Recent changes to Google’s Keyword Planner have effectively converted it from a tool that you could use in many areas including search engine optimization, content marketing, and paid search to a tool that helps you in just one area, which is the management of large-scale paid search campaigns.
Specifically, Google rolled out a change that limits its full view of keyword volume estimates to only those advertisers who are running active AdWords campaigns at a certain spend threshold. What is the threshold? No one knows because Google has not shared this information. It could be $1,000/day; it could be $100/day.
Keyword research companies are also directly impacted by the recent changes to the Keyword Planner as they limit requests to the Keyword Planner API. As a result, the 3rd-party platforms that rely on this API to provide you with keyword data may have to degrade their service.
Unless you manage large-scale paid search campaigns in AdWords, you’re going to need to find a new source for the data that you, or any 3rd-party platform you work with, used to get from Keyword Planner. But even if you do meet the minimum requirements to access Keyword Planner, you might still want to find an alternative source for keyword data. Here are three reasons why:
1. Keywords are grouped together into contextual groups
Google’s Keyword Planner now provides data on keyword groups instead of actual (exact match) keywords. Keywords and their variants are being grouped together into what Google called the “raw form of the keyword” in its U.S. Patent #9,378,517. For example, Keyword Planner will combine metrics of:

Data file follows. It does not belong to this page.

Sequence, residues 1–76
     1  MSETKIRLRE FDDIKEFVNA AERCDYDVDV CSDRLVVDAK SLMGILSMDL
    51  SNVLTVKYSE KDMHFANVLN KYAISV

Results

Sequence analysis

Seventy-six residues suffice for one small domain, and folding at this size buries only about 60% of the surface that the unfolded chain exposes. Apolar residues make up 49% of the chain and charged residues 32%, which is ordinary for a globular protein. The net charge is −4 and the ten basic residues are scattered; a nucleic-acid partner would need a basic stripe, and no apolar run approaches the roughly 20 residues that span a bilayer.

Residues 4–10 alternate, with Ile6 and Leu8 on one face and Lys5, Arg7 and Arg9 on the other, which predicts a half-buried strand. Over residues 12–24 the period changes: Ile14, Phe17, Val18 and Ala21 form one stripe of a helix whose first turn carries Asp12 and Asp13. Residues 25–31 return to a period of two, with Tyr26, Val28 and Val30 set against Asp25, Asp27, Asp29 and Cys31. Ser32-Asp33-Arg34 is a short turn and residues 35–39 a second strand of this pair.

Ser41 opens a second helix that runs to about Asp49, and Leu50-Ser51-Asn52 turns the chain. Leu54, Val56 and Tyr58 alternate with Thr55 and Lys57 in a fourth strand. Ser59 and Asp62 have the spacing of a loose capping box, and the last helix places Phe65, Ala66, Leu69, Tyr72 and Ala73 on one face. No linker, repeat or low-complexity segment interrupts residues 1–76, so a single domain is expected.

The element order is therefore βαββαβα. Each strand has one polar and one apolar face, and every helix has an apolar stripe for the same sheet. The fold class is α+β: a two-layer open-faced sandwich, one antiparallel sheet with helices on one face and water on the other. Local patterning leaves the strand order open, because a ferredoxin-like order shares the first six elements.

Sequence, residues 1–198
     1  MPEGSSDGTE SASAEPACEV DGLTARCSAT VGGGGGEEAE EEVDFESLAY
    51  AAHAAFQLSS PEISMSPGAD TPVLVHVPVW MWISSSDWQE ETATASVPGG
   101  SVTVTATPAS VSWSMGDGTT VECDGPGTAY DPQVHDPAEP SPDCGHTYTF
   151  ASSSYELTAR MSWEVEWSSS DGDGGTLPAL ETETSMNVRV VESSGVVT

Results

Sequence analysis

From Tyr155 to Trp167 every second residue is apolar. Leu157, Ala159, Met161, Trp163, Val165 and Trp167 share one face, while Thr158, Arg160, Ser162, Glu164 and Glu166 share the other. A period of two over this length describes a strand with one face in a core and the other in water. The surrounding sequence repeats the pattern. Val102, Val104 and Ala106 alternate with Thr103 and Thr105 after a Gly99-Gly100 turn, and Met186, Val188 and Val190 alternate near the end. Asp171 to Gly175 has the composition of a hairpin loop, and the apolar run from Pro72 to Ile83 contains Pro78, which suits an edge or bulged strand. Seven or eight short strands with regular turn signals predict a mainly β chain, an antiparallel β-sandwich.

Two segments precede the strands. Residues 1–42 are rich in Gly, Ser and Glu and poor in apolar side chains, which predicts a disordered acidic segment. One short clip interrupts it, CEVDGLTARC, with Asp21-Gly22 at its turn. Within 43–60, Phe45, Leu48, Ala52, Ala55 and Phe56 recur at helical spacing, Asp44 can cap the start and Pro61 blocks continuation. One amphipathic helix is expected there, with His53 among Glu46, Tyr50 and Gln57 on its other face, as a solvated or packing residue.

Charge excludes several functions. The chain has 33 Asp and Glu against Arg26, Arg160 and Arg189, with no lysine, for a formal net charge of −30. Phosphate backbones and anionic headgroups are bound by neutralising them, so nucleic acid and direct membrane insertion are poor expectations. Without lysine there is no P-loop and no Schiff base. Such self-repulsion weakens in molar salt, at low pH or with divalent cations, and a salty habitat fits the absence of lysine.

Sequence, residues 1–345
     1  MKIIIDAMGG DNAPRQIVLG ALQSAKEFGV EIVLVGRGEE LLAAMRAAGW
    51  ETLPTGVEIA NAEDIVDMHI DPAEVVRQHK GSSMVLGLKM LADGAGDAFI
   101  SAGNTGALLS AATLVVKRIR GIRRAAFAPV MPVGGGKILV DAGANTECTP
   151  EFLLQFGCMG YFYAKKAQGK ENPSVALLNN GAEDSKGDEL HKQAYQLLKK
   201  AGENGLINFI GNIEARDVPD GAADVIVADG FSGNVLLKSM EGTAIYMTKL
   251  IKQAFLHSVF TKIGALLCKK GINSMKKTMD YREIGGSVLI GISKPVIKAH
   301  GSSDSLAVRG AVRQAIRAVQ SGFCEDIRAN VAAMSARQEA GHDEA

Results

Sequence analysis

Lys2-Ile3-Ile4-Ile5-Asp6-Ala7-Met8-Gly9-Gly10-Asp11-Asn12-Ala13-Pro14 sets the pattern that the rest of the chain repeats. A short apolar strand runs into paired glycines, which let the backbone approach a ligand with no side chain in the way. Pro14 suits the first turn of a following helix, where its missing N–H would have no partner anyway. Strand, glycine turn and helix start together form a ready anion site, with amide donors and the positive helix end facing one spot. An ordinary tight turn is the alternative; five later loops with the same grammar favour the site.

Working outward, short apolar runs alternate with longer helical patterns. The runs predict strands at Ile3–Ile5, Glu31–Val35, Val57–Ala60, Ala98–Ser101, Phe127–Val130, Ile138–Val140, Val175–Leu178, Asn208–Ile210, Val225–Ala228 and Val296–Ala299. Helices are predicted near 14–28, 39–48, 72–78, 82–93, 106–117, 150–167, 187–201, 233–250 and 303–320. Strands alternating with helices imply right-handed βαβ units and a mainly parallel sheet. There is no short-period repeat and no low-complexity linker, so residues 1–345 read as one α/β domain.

- Plural words with their singular version (i.e. it groups queries for ‘car’ and ‘cars’ under car)
- Words that share the same root and general meaning (i.e. it groups queries for ‘advertisement’ and ‘advertising’ under advertisement)
- Compound words that can be spelled with or without a space (i.e. it groups queries for ‘healthcare’ and ‘health care’ under healthcare)
- Phrases with different punctuation but a similar meaning (i.e. it groups queries for ‘pack n play’ and ‘pack ‘n play’ under pack n play)
This change prevents users from seeing estimated search volumes and additional metrics for exact match keywords, which is the basics of zoning in on a customized target for both organic and paid programs.
2. Keyword search estimations are in wide range buckets
Google’s Keyword Planner now averages monthly searches for these keyword groups into huge buckets instead of providing more granular estimates like it did in the past. These buckets include the following wide ranges: 10 – 100, 100 – 1K, 1K – 10K, 10K – 100K, 100K – 1M, 1M – 10M.
This gives you very little to go on for planning a content marketing and search engine optimization strategy that would optimize to high volume keywords because keywords with 10,001 queries per month will look the same as keywords with 99,999 queries per month.
3. MoM changes in keyword performance mean nothing
Percent change comparisons between one month and another are now useless in Keyword Planner, as they are based on the keyword buckets, not on the underlying actual data. So, if a query increases in popularity and moves from the fourth bucket to the fifth bucket, this shows up as a 900 percent change even though it may just be moving from 90K to 110K average monthly searches, which would be a 22 percent change.
Bottom Line: If you don’t run large-scale paid search campaigns with AdWords but still want to be able to plan your SEM, SEO and content programs on concrete keyword information, including search data on actual keywords, granular estimates of search volume, or accurate comparisons of search volume over time, you’re going to need a replacement for Google’s Keyword Planner. Jumpshot’s keyword data includes this information and more. Our keyword data isn’t just a replacement to Keyword Planner, it’s a major upgrade.